After Stanislaw II Augustus Poniatowski was elected Polish king in 1762, Poland became the plaything of the great powers Austria, Russia, and Prussia. Poniatowski’s Enlightenment-inspired reform program, which initially enjoyed Russian backing, provoked conflict within Poland’s powerful noble class. The result was a civil war, which, in combination with a Russo-Turkish war, led to a Prussian proposal to stabilize the Eastern European situation through the partitioning of Poland. This resulted in the partial dismemberment of the Polish Commonwealth in 1772.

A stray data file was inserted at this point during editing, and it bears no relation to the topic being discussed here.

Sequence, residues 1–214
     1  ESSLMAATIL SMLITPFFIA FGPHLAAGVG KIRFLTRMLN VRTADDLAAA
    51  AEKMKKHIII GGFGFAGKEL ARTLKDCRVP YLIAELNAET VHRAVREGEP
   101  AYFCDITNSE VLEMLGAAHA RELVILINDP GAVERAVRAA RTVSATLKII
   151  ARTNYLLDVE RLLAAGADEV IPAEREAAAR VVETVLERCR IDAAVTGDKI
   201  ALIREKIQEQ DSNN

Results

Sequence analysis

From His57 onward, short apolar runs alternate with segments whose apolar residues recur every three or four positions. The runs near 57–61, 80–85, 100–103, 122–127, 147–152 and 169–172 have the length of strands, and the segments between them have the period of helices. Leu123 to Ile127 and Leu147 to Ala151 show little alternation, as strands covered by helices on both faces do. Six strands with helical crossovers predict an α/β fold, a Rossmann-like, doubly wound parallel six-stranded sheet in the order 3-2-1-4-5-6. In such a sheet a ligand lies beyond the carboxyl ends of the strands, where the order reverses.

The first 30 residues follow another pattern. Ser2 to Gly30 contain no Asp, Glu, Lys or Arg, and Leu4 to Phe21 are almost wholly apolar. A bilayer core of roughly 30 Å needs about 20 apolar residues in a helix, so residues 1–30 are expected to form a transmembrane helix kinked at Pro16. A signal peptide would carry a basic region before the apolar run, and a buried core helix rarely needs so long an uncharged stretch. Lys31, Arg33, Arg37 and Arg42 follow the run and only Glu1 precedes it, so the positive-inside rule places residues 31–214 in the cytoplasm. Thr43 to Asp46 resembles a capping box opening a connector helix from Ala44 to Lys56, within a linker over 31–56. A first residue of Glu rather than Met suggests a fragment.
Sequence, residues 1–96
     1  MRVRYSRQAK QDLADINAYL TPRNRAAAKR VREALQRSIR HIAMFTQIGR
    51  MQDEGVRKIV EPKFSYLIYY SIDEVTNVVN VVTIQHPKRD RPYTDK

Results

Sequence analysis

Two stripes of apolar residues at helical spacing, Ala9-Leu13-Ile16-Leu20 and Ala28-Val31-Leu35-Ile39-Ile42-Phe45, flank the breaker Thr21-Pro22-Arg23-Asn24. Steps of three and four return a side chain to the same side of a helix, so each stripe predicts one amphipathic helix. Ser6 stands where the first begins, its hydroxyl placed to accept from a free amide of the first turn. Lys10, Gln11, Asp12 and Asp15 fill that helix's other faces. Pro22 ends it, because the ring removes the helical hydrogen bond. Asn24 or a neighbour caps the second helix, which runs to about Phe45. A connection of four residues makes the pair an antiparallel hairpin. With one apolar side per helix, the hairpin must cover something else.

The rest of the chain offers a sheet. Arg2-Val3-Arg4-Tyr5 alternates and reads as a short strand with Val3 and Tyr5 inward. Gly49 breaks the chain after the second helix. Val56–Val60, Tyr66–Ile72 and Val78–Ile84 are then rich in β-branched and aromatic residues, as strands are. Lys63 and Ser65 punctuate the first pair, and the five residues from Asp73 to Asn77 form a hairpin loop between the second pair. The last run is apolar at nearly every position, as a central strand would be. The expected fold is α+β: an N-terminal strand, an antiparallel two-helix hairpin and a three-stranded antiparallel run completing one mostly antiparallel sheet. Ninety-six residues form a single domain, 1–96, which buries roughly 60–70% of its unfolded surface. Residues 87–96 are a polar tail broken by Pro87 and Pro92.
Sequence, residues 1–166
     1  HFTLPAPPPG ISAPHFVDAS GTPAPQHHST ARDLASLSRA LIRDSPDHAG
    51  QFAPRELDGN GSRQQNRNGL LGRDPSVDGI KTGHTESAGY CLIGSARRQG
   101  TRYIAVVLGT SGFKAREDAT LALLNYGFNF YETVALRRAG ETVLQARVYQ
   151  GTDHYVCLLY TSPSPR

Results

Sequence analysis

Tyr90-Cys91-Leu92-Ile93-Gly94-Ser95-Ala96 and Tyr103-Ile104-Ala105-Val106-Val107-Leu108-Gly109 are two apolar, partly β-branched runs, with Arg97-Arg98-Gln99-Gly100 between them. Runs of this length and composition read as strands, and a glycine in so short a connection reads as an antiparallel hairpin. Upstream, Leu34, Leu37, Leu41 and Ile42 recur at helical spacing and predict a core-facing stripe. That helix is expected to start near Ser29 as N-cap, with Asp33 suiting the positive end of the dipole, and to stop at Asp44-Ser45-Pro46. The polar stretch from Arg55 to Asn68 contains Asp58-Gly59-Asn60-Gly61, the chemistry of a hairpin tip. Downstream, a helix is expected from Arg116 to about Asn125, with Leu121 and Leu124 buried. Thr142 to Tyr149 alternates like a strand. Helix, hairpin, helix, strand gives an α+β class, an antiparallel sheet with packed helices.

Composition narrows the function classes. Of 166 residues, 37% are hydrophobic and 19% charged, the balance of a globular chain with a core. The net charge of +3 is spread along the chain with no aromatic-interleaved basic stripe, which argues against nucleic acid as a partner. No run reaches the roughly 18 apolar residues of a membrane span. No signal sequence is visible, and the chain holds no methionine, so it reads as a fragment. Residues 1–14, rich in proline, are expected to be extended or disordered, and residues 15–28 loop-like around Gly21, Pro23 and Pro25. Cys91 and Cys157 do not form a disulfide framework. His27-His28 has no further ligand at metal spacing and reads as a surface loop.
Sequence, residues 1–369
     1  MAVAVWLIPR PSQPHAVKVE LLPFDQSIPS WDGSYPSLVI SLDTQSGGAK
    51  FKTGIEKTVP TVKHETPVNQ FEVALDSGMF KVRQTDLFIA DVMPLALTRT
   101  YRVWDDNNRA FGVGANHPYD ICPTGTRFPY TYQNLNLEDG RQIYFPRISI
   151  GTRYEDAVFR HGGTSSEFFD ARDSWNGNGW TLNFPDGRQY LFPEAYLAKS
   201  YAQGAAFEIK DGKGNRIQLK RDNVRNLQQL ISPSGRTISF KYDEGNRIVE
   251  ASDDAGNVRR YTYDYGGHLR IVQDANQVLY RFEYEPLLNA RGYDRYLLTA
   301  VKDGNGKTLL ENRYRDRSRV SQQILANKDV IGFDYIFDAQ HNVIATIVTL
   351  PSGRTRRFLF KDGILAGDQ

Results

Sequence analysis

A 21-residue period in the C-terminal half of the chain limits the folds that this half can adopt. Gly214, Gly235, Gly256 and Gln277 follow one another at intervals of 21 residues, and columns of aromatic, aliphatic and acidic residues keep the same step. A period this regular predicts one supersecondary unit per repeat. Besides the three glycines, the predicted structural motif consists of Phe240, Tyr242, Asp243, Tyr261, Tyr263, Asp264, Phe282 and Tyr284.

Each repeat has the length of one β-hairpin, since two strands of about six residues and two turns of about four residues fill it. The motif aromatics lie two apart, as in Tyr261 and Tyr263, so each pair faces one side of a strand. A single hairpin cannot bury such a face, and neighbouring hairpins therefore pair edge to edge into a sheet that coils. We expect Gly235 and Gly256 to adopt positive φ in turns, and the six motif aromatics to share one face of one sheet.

Entitled “The Cake of Kings,” the engraving below shows the protagonists haggling over a map of Central and Eastern Europe: (from left to right) Catherine II (“the Great”) of Russia, Stanislaw II Augustus Poniatowski of Poland, from whose head the crown is slipping, Emperor Joseph II of Austria, and Frederick II (“the Great”) of Prussia. Engraving by Jean-Michel Moreau le Jeune (1741-1814).